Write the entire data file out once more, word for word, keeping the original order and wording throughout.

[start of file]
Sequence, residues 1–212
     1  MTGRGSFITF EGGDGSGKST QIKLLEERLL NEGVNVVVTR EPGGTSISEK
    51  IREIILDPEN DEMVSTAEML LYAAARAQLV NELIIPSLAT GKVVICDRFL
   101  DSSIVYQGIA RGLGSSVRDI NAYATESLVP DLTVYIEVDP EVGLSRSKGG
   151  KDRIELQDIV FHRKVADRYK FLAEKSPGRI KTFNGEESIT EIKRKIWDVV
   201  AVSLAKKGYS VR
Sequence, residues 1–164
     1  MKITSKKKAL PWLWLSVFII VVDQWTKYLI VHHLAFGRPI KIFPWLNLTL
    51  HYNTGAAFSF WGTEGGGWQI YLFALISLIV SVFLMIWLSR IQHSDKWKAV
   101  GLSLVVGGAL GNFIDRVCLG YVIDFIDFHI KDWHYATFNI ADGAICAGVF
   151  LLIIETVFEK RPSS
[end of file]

Sequence, residues 1–212
     1  MTGRGSFITF EGGDGSGKST QIKLLEERLL NEGVNVVVTR EPGGTSISEK
    51  IREIILDPEN DEMVSTAEML LYAAARAQLV NELIIPSLAT GKVVICDRFL
   101  DSSIVYQGIA RGLGSSVRDI NAYATESLVP DLTVYIEVDP EVGLSRSKGG
   151  KDRIELQDIV FHRKVADRYK FLAEKSPGRI KTFNGEESIT EIKRKIWDVV
   201  AVSLAKKGYS VR
Sequence, residues 1–164
     1  MKITSKKKAL PWLWLSVFII VVDQWTKYLI VHHLAFGRPI KIFPWLNLTL
    51  HYNTGAAFSF WGTEGGGWQI YLFALISLIV SVFLMIWLSR IQHSDKWKAV
   101  GLSLVVGGAL GNFIDRVCLG YVIDFIDFHI KDWHYATFNI ADGAICAGVF
   151  LLIIETVFEK RPSS